"He said all he wanted to do was hurt people, so it's a little scary," said Tiana Hardy, a Hernando High School sophomore.
Hardy wishes she could thank the students who came forward to report a 17-year-old who they say wanted to carry out a school shooting at Hernando High School.
"They literally saved everybody’s lives by what they did because he was planning on carrying out his plan," said Hardy.
Hernando County Sheriff Al Nienhuis says school shootings may not be as fresh on people’s minds as it was in the days after the shooting in Parkland, but it's still something law enforcement deals with daily.
"A lot of times when people come forward and they see something suspicious or concerned, it turns out to be nothing and that’s great. We don’t mind that," said Nienhuis.
The sheriff says nearly 100 percent of the time, a crime can be prevented if deputies are told about it beforehand.
"If everyone had just ignored it and nobody came forward and said anything, what would’ve happened?" asked parent Jessica Currier.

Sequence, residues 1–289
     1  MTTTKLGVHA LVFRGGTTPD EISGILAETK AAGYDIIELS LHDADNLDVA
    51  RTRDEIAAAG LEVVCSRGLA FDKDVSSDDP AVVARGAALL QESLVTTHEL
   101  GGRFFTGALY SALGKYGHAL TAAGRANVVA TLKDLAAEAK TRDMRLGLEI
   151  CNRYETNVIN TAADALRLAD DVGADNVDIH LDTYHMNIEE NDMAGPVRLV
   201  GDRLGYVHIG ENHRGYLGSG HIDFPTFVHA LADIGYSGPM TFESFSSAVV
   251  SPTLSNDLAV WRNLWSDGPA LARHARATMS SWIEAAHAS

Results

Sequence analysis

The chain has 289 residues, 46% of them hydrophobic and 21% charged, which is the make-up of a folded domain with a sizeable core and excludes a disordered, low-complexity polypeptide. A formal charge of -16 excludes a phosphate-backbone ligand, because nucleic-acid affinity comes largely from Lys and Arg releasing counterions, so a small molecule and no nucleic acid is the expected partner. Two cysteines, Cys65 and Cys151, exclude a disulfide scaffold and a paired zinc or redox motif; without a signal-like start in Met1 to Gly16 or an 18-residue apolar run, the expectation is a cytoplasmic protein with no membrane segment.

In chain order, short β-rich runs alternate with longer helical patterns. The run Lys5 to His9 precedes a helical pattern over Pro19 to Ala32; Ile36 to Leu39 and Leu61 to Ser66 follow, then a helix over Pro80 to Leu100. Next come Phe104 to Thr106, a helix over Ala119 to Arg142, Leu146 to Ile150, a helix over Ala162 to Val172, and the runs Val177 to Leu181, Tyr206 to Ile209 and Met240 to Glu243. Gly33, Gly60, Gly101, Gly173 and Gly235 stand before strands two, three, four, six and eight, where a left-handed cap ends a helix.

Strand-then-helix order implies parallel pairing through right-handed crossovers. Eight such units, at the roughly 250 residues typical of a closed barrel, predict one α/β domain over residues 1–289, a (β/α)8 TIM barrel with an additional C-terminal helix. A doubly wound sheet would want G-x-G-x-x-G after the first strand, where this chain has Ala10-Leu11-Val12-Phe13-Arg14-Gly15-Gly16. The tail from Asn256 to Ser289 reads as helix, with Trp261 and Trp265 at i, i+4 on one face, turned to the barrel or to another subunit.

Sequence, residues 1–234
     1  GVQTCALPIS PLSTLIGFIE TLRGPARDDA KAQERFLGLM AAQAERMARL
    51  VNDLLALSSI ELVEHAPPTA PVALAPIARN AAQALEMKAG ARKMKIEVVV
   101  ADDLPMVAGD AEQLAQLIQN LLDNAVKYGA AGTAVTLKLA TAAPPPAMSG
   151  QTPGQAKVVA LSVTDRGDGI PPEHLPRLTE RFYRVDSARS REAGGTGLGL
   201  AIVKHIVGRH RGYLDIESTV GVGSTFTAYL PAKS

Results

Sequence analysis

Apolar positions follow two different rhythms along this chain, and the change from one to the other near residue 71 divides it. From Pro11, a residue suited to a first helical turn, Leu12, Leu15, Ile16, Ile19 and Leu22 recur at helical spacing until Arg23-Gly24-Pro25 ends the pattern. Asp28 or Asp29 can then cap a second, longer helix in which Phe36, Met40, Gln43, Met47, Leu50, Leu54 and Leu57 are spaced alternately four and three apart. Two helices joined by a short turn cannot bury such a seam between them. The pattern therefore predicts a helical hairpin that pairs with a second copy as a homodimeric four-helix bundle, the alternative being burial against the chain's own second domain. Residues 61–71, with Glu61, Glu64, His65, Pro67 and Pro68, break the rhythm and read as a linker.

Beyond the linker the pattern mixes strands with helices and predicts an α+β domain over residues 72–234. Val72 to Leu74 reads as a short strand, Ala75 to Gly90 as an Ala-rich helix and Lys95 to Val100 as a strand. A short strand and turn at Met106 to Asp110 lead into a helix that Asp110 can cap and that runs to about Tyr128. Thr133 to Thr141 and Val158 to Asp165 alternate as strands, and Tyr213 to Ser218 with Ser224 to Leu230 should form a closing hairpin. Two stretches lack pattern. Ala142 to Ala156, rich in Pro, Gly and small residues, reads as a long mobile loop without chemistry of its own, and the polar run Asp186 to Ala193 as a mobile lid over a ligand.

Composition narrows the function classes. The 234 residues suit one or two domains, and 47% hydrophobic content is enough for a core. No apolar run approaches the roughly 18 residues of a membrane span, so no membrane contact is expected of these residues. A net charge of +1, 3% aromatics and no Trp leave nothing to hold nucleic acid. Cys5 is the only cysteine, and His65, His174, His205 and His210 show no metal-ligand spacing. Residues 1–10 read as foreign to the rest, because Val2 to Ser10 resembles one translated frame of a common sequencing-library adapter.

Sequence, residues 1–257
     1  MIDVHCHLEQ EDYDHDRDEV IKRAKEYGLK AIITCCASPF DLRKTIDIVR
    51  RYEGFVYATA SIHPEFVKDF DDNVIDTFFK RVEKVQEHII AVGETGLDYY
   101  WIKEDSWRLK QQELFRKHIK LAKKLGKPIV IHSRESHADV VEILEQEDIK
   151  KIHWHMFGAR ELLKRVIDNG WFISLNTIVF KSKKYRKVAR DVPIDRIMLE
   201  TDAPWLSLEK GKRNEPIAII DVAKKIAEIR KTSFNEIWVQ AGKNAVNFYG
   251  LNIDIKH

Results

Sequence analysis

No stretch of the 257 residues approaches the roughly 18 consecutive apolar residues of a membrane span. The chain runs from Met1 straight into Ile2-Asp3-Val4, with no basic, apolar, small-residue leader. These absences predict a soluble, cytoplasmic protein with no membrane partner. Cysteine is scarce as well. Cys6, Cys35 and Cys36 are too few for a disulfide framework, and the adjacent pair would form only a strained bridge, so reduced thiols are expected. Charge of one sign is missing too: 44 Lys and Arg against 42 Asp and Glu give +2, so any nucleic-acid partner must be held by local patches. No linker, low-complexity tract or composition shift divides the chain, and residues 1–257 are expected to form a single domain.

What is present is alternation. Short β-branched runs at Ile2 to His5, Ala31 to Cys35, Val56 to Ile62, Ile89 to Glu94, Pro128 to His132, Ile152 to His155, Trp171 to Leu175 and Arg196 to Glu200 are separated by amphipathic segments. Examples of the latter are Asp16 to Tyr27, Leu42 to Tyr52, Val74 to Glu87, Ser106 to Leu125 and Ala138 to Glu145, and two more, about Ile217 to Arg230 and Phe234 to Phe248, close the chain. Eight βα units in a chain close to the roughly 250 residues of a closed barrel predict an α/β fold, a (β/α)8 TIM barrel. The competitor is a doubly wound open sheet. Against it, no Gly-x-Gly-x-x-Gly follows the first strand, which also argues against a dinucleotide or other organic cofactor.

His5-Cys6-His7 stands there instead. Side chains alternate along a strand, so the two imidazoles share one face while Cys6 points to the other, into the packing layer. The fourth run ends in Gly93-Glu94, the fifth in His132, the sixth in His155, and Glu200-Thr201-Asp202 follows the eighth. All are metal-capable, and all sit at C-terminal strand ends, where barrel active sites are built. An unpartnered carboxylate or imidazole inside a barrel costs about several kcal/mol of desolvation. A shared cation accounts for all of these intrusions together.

The sheriff says if you “see something, say something” and even if something doesn’t feel or seem right, to tell a teacher, administrator, or officer right away.
"I mean from what I’ve seen I think, yeah that most people would step up and say something," said Logan Currier, a junior at Hernando High School.
Sheriff Nienhuis encourages parents to talk with their kids and support them in saying something when they see something that's not right.
"Silence is not acceptable, and fear is something you need to overcome, and you need to do the right thing even when its scary," said Nienhuis.